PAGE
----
Rico Love, R&B Songwriter to the Stars
His songs are all over radio stations, movie theaters and Web sites, where he's selling plenty of downloads, but Rico Love still has a soft spot for his longtime home, Milwaukee.
"I lived half my life in Milwaukee," says the songwriter, who was born Richard Butler Jr. Birthed in New Orleans 26 years ago and raised in Harlem, N.Y., where he acquired his stage name from a Hispanic neighbor, Love has been bounced around by his parents' divorce and professional ambition through Milwaukee, Tallahassee, Fla., Atlanta, Los Angeles and his current digs in Miami. One of his three sisters still calls the Mil home.
Though Love struggled in his attempts to launch a career as a rapper, from early on his penchant for fitting words to another singer's voice has served him well, especially when that voice belonged to Usher.
Love says he was in Atlanta plying his skills with a hip-hop group when "Usher gave me the opportunity to write a song for him." Love's "Throwback" appeared on Usher's multi-platinum 2004 album, Confessions, and performing that tune on the road with Usher gave Love his first national touring experience.
It also led to his stint as a rapper with a major label deal. The fruits of that labor, from which a full CD never emerged, can still be heard on YouTube and elsewhere online. With the casual profanity and mixed moral signals of so much commercial hip-hop, Love's recordings owed some musical debt to the party-hearty aesthetic of Jermaine Dupri, and his flow bears the influence of his one-time Harlem mentor, Mason "Mase" Betha. Though a couple of cuts are impressively catchy, popular music has become better with Love behind a pen instead of a mic.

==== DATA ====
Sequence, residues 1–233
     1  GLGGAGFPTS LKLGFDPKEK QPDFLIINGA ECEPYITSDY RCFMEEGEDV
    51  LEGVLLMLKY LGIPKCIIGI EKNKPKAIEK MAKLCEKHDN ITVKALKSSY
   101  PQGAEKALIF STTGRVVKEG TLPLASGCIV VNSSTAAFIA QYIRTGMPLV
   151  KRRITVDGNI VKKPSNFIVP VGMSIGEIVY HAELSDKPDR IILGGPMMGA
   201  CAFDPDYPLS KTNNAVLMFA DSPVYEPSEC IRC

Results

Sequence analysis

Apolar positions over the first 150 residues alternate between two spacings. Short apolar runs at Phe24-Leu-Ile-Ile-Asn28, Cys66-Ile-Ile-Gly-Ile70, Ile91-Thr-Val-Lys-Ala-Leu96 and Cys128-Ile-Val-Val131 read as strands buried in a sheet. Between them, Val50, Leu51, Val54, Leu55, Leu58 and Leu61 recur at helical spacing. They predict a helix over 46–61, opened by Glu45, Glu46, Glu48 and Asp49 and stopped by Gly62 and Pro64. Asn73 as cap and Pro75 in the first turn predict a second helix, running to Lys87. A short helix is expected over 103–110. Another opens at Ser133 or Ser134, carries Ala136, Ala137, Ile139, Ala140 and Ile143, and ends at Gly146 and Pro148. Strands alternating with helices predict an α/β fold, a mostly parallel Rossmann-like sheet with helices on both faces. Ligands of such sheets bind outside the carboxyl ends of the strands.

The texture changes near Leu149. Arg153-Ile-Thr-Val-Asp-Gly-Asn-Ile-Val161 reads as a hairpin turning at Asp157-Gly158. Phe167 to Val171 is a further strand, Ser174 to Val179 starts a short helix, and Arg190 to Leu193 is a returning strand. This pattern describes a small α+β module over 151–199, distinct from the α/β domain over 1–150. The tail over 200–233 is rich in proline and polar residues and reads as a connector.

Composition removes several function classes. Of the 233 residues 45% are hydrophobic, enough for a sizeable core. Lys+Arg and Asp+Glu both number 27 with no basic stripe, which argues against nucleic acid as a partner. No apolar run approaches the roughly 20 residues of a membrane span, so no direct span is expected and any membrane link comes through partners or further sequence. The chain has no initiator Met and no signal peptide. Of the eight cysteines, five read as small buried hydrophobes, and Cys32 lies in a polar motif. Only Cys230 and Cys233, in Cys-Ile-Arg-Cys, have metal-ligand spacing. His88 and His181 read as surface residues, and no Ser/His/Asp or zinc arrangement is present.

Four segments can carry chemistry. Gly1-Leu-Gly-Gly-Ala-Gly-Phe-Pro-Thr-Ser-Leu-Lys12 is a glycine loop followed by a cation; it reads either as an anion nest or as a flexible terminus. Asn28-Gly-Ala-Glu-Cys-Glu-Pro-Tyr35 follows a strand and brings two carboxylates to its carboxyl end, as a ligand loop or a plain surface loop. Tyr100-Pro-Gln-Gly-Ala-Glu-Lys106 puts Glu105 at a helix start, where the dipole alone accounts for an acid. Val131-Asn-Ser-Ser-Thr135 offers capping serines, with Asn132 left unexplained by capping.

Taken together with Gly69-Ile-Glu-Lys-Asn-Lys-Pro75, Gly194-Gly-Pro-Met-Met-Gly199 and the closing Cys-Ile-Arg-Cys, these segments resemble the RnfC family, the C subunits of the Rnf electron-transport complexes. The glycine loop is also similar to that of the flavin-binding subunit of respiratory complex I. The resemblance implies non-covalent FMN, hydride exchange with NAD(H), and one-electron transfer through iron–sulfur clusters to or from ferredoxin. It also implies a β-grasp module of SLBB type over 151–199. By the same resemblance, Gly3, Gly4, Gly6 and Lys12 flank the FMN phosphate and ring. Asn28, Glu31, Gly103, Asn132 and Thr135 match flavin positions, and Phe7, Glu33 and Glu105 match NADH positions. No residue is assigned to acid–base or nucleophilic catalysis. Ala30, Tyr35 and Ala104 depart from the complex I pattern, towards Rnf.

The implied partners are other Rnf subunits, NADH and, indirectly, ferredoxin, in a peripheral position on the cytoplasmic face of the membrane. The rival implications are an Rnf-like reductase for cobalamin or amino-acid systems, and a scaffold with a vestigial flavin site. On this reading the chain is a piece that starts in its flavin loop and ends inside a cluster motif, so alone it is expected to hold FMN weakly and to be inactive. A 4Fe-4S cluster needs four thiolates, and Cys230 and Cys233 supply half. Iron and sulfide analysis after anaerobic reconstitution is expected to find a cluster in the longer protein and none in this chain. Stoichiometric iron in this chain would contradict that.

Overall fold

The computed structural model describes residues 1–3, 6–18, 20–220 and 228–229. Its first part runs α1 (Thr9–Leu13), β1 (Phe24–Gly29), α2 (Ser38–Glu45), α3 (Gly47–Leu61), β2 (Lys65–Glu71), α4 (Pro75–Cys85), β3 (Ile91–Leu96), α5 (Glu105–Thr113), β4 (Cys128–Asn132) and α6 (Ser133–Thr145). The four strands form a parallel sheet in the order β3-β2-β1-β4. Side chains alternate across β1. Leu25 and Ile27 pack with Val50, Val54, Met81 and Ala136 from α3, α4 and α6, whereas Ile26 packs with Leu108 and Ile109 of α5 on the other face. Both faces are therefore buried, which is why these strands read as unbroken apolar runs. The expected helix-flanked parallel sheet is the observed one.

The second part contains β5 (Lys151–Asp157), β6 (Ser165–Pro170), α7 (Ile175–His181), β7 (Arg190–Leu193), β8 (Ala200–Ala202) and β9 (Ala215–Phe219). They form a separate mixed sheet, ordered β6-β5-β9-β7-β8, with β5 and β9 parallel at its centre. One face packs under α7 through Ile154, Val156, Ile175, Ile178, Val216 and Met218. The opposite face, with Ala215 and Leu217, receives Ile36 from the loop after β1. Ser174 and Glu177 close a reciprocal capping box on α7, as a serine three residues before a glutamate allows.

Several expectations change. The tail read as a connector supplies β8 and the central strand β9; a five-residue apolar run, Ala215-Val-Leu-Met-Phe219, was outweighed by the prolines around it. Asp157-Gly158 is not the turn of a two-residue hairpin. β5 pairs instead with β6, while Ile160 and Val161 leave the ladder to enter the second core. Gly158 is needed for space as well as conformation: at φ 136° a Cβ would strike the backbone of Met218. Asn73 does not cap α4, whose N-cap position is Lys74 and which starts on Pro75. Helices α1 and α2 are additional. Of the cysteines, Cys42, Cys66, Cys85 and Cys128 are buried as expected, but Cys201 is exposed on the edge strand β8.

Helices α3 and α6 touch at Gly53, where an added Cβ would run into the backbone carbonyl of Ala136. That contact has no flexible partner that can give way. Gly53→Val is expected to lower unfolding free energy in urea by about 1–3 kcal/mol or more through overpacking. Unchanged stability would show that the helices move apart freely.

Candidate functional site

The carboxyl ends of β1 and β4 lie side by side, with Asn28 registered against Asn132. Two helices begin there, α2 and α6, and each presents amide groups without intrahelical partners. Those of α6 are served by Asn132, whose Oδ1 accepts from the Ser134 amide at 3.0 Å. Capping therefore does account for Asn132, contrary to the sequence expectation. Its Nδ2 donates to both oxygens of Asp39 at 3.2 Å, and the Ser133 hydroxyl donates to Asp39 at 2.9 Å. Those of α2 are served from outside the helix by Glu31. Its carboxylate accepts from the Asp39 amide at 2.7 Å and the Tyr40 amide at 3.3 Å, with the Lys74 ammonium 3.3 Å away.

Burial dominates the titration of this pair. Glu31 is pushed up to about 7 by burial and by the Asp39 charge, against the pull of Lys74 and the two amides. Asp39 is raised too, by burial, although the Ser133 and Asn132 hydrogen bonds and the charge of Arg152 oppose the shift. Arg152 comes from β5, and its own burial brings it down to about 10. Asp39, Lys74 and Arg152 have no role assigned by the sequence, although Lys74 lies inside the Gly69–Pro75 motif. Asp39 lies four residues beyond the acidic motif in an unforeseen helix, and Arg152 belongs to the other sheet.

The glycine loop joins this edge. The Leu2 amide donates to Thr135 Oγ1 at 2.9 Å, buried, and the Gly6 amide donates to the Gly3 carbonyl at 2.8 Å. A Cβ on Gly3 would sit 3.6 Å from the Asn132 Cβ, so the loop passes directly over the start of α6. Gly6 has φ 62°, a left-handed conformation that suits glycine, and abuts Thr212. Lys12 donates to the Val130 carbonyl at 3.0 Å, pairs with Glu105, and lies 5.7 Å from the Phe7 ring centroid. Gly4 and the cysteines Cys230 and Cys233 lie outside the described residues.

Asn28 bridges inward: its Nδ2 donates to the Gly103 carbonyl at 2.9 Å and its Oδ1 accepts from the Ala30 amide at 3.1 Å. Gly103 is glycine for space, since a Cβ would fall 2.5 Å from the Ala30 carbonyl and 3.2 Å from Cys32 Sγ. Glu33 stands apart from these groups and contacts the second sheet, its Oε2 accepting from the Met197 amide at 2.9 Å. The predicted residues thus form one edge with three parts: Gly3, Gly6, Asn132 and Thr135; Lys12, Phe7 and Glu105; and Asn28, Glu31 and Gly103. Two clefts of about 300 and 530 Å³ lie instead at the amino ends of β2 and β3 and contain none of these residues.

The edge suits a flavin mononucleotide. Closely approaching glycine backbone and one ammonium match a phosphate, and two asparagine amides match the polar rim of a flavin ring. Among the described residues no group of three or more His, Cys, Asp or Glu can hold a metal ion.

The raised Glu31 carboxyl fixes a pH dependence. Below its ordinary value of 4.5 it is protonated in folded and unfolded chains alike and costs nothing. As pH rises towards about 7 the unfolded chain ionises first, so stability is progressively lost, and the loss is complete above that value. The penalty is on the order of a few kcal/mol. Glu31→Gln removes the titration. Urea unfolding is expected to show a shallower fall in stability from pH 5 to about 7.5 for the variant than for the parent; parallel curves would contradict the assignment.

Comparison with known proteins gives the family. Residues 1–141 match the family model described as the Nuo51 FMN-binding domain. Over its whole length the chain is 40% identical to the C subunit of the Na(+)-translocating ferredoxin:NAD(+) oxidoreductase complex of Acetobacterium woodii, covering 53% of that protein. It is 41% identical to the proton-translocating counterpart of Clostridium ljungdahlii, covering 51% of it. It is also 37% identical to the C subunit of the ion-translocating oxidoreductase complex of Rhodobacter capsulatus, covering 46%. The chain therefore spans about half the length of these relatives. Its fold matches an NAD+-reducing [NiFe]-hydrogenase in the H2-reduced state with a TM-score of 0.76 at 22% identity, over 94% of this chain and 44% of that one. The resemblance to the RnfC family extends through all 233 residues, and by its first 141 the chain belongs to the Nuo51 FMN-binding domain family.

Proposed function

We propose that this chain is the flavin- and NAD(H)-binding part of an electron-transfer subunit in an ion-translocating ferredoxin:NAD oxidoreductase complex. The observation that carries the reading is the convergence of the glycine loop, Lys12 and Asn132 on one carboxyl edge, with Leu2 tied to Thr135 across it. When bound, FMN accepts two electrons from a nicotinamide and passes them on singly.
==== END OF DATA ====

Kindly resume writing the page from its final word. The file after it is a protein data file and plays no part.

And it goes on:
"I think my calling is as a songwriter," Love admits. Acts as varied as pop divas Fergie and Natasha Bedingfield and R&B men Donell Jones and Chris Brown have sung Love's numbers. His current behind-the-scenes successes include Bedingfield's "Angel," Keri Hilson's "Energy" and soundtrack contributions to the recent Sex and the City movie. He'll soon be heard on the big screen again with songs in next year's Confessions of aShopaholic.
Love says that one of his professional thrills is to hear his work interpreted by artists who take his songs to heights he couldn't have imagined.
"The great vocalists always know how to make a song great," Love says.
Among the greats he cites are-no surprise-Usher and Beyonce, who impressed Love with her take on the "kinda rock ballad" he wrote for her next release.
Living and building his new studio in Miami, as opposed to a city with a higher music-biz profile such as Atlanta, "keeps me off the radar," Love says, explaining that staying hungry for greater achievement in a wealthy neighborhood keeps his feet grounded, too.
"I'm doing well, but not as well as I could be doing," he remarks of the surrounding, pricier real estate.
What may get him into that next tax bracket could be his production company, Division 1. Love is already grooming protégés for different labels, and although none are from Milwaukee, he says it's not out of the question.
"There's a lot of great talent in Milwaukee," Love says. "I don't want to say it's something I wouldn't be interested in doing in the future."